This is a great and convenient feature that comes along with ColdFusion. However, if there is an insecure library loading process, your CF apps become very vulnerable. This vulnerability can lead to malicious attackers to allow for arbitrary code execution and local privilege escalation. Privilege escalation is when an improper design configuration is exploited in order to gain elevated access to information not normally reserved for users.
Cross Site Scripting- Code Injection (CVE-2018–4940)
Adobe’s Severity Scale: Important
Cross Site Scripting (XSS) attacks are a form of code injection in which malintented scripts are injected into otherwise harmless and trusted websites. XSS attacks happen when an attacker sends bad code via web app to a different end user. Areas that allow these forms of attack occur wherever a web app allows user input within the output it generates without validation.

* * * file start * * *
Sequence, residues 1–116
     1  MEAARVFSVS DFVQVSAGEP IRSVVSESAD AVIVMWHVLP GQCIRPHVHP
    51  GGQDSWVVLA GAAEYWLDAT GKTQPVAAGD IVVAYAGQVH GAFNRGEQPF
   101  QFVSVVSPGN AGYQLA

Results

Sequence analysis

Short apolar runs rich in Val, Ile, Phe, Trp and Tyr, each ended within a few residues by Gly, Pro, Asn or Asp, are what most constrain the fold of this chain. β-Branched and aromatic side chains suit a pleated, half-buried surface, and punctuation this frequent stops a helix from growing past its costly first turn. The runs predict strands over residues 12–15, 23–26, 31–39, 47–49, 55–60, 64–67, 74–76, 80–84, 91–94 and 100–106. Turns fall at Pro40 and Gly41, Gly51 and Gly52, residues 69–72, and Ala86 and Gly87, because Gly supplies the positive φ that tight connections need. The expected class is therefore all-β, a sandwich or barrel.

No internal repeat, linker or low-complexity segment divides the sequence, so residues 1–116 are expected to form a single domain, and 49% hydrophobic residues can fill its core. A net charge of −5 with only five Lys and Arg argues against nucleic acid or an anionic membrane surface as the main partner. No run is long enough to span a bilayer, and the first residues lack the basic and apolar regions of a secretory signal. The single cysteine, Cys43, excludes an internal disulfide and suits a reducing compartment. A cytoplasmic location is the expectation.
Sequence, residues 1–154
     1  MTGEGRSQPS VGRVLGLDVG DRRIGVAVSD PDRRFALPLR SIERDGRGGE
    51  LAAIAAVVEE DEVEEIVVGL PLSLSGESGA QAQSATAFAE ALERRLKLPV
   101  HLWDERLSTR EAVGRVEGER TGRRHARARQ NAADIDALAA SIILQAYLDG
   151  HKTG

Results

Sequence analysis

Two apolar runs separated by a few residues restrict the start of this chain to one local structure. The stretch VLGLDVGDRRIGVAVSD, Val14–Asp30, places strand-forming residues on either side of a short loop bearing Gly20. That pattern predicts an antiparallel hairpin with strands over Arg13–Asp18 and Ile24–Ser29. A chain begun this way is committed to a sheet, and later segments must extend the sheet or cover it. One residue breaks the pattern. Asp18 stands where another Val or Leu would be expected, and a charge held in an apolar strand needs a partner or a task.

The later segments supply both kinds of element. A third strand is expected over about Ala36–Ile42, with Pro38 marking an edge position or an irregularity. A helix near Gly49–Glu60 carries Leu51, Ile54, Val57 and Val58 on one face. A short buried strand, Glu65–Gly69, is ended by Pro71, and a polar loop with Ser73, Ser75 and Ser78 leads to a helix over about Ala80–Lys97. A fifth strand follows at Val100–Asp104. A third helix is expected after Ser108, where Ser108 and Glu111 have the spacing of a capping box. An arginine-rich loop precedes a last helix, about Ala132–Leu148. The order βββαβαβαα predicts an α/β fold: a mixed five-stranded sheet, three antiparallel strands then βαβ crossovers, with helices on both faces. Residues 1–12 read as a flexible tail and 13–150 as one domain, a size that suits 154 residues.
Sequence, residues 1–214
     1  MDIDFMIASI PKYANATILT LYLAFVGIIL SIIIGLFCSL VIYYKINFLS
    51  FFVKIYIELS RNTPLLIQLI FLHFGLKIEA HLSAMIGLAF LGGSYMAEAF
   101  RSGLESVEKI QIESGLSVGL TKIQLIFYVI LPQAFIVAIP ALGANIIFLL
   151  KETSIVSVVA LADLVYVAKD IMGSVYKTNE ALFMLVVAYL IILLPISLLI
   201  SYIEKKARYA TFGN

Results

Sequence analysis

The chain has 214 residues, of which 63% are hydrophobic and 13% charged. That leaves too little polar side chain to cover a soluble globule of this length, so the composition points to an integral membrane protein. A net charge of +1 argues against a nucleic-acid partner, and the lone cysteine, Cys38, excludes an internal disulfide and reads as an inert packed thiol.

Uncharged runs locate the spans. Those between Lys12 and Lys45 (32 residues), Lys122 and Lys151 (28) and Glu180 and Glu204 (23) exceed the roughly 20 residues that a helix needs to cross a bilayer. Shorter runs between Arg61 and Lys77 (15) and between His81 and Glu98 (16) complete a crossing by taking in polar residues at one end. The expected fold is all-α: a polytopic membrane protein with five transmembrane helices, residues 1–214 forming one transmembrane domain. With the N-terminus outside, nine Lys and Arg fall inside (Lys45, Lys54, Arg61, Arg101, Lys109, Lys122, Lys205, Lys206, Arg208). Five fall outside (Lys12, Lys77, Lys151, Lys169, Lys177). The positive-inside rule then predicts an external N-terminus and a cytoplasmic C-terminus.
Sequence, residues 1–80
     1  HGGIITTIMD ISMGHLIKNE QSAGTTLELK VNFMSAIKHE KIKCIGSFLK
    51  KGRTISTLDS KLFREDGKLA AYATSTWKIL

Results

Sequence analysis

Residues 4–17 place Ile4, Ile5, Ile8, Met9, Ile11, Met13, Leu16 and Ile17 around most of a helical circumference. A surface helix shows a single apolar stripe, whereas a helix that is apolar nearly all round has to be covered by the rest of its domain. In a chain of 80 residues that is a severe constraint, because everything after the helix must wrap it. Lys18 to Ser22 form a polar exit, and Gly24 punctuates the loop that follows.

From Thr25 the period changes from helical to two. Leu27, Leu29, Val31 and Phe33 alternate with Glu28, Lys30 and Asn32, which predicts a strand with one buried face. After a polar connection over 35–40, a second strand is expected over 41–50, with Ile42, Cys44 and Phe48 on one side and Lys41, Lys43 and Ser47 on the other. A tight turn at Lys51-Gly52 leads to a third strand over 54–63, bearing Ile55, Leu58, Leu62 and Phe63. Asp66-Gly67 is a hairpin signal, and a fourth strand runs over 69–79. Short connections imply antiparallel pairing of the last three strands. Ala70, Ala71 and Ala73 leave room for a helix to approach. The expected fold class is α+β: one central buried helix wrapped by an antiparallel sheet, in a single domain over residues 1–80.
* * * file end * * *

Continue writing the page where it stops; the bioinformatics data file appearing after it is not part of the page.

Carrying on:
This can lead to code injection, But, what exactly is code injection? Code injection is the use of a computer bug created via processing invalid data. An attacker then uses “injection” to insert malicious coding into a web app. This can completely change the flow of execution. Code Injection can lead to access denial, corrupted data, loss of data, and loss of accountability. Extreme cases even allow for a complete takeover of the hosting web app.
As CF author Ben Forta says about SQL code injection at forta.com:
“I was just on a web site browsing for specific content. The URLs used typical name=value query string conventions, and so I changed the value to jump to the page I wanted. And I made a typo and added a character to the numeric value. The result? An invalid SQL error message.
That’s bad. Very very bad. It means that I was able to create a SQL statement that was submitted to the database for processing, a SQL statement that was passed to the database as is, unchecked.”